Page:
The Dopamine Impels Us to Action as Suggested by the Neuronal Activity in the Ventral Tegmental Area during Avoidance Conditioning
Published: May 31, 2014
The mesolimbic dopamine system is believed to be a key component in the processing of rewarding information by the brain, although the precise nature of dopamine release remains unknown. Avoidance conditioning combines reward (positive) and aversion (negative) phenomena. Here the activity of 60 neurons in the ventral tegmental area (VTA) was studied in freely moving rabbits during the acquisition and performance of an active avoidance. A total of 48 % of the recorded neurons responded to the conditioned stimulus (CS). A significant predominance of excitatory responses to the (CS) was demonstrated. Two main patterns of cell responses to the CS were identified: the reaction with short latency to the CS onset and the instrumental movement related activity. The proportion of neurons reactive to the CS onset significantly decreased between the initial and final stages of learning, but the proportion of movement related neurons significantly increased. Thus our results suggest that the signaling of VTA neurons is better associated with the processes of motivated action.
Ventral tegmental area, reward, neuron, avoidance, dopamine, reinforcement, instrumental learning
Dopamine participates in a wide range of behavioral and cognitive functions in the brain, including movement, reward processing, and creativity (Flaherty, 2005). Of the central monoamine neurotransmitters, dopamine presents the greatest challenge in terms of deducing its main physiological role. Midbrain dopamine neurons of the ventral tegmental area (VTA) send projections to many regions including the striatum and prefrontal cortex and are together referred to as the mesocorticolimbic dopaminergic (DA) system. This system has traditionally been viewed as a single “neural currency” of reward and this view has numerous experimental confirmations (Berridge, 2007; Tsai et al., 2009; Wise, 2012; Rossi, Sukharnikova, Hayra- petyan, Yang, & Yin, 2013; Steinberg et al., 2013). How exactly the midbrain DA system is involved in the processes of learning, and what aspects or specific links of the physiological mechanisms of reinforcement it represents are an important focus of ongoing research (Berridge, 2007; Ivlieva, 2010; Bromberg-Martin, Matsumoto, & Hikosaka, 2010; Steinberg & Janak, 2013).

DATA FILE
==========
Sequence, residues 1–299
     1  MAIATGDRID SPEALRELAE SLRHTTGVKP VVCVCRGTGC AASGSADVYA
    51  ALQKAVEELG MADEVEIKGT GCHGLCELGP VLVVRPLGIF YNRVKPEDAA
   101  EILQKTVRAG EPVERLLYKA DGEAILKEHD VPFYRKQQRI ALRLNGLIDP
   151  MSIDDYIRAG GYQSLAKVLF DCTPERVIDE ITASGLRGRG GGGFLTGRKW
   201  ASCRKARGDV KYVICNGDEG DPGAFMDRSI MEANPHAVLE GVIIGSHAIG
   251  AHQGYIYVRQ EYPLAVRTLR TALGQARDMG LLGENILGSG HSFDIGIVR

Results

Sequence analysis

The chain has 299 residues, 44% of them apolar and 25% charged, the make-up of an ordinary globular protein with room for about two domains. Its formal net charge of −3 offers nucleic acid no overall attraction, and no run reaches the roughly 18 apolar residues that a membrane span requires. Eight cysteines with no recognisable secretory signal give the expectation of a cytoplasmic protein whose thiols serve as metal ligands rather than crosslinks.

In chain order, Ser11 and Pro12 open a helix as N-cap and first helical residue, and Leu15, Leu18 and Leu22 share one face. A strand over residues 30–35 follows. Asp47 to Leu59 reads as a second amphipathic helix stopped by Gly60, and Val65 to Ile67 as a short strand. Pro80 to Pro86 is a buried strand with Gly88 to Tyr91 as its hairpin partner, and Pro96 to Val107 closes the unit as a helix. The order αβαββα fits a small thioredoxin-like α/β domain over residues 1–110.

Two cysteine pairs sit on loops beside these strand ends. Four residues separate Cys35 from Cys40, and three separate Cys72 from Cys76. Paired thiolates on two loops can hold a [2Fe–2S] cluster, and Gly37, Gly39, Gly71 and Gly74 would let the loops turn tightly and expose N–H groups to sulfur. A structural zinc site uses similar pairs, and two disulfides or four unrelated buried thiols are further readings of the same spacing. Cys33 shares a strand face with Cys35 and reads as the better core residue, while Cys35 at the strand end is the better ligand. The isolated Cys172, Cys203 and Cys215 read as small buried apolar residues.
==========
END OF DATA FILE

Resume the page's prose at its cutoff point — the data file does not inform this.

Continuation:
Current hypotheses suggest that (1) DA itself induces pleasure (Wise & Bozarth, 1985), (2) DA provides the universal teaching signal that induces learning (Schultz, 1998; Schultz, 2013), (3) DA mediates motivation or incentive salience (Berridge, 2007) and (4) DA energizes behavior (Salamone, Correa, Farrar, & Mingote, 2007).
Each viewpoint is based on extensive experimental data, and it is believed that they are not mutually exclusive. However, there are at least two main discrepancies within these explanations. First, it is paradoxical that the activation of the same brain substratum should be both reinforcing and drive-inducing, so hypotheses (1) and (3) are conflicting. Second, it is hard to explain the activation of the DA system, which is believed to be engaged in reward processes, in response to aversive stimuli. If midbrain dopamine neurons actually encode value-related signals, their activity should be inhibited by aversive stimuli because aversive stimuli have negative motivational values. However, the results are inconsistent, with many studies showing excitation by aversive stimuli (Anstrom & Woodward, 2005; Anstrom, Miczek, & Budygin, 2009; Brischoux et al., 2009, Matsumoto & Hikosaka, 2009; Wang & Tsien, 2011). At the intersection of such contradictory aspects of DA system functions is instrumental active avoidance, because in this paradigm aversive stimulation as well as motivational and reward processes (in the form of omission of a harmful event) take place.